Man’s new enemy, in art, was Naturalism. Naturalism rejected the concept of volition and went back to a view of man as a helpless creature determined by forces beyond his control; only now the new ruler of man’s destiny was held to be society. The Naturalists proclaimed that values have no power and no place, neither in human life nor in literature, that writers must present men “as they are,” which meant: must record whatever they happen to see around them—that they must not pronounce value judgments nor project abstractions, but must content themselves with a faithful transcription, a carbon copy, of any existing concretes.
[The] basic premises of Romanticism and Naturalism (the volition or anti-volition premise) affect all the other aspects of a literary work, such as the choice of theme and the quality of the style, but it is the nature of the story structure—the attribute of plot or plotlessness—that represents the most important difference between them and serves as the main distinguishing characteristic for classifying a given work in one category or the other.
The theme of a novel can be conveyed only through the events of the plot, the events of the plot depend on the characterization of the men who enact them—and the characterization cannot be achieved except through the events of the plot, and the plot cannot be constructed without a theme.
This is the kind of integration required by the nature of a novel. And this is why a good novel is an indivisible sum: every scene, sequence and passage of a good novel has to involve, contribute to and advance all three of its major attributes: theme, plot, characterization.
A cardinal principle of good fiction [is]: the theme and the plot of a novel must be integrated—as thoroughly integrated as mind and body or thought and action in a rational view of man.
In art, and in literature, the end and the means, or the subject and the style, must be worthy of each other.
That which is not worth contemplating in life, is not worth re-creating in art.
The writer who develops a beautiful style, but has nothing to say, represents a kind of arrested esthetic development; he is like a pianist who acquires a brilliant technique by playing finger-exercises, but never gives a concert.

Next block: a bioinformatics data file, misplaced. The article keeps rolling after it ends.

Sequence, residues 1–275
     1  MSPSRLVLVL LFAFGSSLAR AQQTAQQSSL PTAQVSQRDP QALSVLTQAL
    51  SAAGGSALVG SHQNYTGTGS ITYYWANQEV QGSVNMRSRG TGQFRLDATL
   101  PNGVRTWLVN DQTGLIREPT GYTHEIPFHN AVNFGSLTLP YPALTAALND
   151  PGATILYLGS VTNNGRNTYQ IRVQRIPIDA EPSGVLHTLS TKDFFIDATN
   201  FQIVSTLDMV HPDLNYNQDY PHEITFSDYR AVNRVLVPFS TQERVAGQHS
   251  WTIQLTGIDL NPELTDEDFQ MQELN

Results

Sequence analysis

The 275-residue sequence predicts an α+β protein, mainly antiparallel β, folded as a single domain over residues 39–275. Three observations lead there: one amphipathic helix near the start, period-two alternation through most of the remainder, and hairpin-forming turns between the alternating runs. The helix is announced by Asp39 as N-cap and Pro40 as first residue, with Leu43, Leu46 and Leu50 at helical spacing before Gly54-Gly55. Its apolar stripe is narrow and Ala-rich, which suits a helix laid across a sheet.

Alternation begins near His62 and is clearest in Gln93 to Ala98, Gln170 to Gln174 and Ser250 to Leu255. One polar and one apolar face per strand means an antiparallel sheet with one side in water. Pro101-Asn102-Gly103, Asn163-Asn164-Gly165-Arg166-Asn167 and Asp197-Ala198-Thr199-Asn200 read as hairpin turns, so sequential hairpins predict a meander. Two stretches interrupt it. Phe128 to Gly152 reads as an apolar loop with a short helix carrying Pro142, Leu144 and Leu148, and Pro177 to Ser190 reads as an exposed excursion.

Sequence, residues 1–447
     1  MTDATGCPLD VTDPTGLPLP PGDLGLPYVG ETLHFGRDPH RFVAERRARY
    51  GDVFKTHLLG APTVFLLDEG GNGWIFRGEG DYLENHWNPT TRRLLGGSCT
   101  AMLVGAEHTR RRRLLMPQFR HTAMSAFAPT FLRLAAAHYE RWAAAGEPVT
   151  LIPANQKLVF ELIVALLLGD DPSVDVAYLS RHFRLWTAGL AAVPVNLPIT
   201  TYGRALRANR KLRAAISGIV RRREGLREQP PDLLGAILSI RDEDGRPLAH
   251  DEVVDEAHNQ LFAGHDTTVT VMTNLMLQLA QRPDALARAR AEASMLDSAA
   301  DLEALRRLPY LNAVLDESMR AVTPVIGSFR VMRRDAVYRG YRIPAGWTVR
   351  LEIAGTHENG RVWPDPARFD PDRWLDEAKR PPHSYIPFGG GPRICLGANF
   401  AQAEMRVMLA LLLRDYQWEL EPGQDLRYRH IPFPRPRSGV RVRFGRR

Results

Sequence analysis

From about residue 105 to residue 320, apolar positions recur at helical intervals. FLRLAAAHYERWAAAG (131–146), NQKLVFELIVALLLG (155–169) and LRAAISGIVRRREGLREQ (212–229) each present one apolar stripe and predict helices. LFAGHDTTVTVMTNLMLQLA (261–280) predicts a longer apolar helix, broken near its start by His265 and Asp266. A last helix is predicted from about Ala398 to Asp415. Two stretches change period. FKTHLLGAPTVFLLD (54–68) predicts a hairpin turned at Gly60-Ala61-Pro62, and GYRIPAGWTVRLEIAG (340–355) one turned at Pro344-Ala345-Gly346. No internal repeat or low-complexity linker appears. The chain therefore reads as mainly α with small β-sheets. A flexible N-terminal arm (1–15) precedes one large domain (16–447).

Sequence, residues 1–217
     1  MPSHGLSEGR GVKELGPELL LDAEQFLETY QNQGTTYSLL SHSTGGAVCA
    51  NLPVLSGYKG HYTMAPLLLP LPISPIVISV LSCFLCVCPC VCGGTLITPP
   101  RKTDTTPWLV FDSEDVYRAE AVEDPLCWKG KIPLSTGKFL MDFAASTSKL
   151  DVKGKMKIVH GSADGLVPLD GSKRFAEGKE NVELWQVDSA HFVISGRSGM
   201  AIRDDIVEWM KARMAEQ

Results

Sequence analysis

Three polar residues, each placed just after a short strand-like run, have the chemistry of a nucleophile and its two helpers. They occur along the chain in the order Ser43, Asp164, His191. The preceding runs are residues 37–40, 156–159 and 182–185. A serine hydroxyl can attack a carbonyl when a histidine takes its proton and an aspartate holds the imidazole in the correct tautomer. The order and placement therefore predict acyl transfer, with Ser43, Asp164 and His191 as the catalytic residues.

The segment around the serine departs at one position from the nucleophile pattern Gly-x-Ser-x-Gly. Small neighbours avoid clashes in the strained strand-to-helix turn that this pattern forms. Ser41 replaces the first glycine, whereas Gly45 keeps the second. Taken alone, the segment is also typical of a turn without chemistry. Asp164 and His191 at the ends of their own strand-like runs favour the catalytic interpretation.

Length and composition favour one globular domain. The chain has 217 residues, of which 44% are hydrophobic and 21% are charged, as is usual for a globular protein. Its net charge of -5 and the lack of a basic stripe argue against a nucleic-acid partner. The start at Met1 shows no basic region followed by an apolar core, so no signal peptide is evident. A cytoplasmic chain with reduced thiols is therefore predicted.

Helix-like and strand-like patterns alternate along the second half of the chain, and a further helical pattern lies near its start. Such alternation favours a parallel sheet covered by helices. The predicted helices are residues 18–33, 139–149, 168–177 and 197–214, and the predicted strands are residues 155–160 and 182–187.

The typical literary product of such writers—and of their imitators, who possess no style—are so-called “mood-studies,” popular among today’s literati, which are little pieces conveying nothing but a certain mood. Such pieces are not an art-form, they are merely finger-exercises that never develop into art.
Now take a look at modern literature.
Man—the nature of man, the metaphysically significant, important, essential in man—is now represented by dipsomaniacs, drug addicts, sexual perverts, homicidal maniacs and psychotics. The subjects of modern literature are such themes as: the hopeless love of a bearded lady for a mongoloid pinhead in a circus side show—or: the problem of a married couple whose child was born with six fingers on her left hand—or: the tragedy of a gentle young man who just can’t help murdering strangers in the park, for kicks.
All this is still presented to us under the Naturalistic heading of “a slice of life” or “real life”—but the old slogans have worn thin. The obvious question, to which the heirs of statistical Naturalism have no answer, is: if heroes and geniuses are not to be regarded as representative of mankind, by reason of their numerical rarity, why are freaks and monsters to be regarded as representative? Why are the problems of a bearded lady of greater universal significance than the problems of a genius? Why is the soul of a murderer worth studying, but not the soul of a hero?
If you wonder what is the ultimate destination toward which modern philosophy and modern art are leading you, you may observe its advance symptoms all around us. Observe that literature is returning to the art form of the pre-industrial ages, to the chronicle—that fictionalized biographies of “real” people, of politicians, baseball players or Chicago gangsters, are given preference over works of imaginative fiction, in the theater, in the movies, in television—and that a favored literary form is the documentary.
Except for the exceptions, there is no literature (and no art) today—in the sense of a broad, vital cultural movement and influence. There are only bewildered imitators with nothing to imitate—and charlatans who rise to split-second notoriety, as they always did in periods of cultural collapse.
Some remnants of Romanticism may still be found in the popular media—but in such a mangled, disfigured form that they achieve the opposite of Romanticism’s original purpose.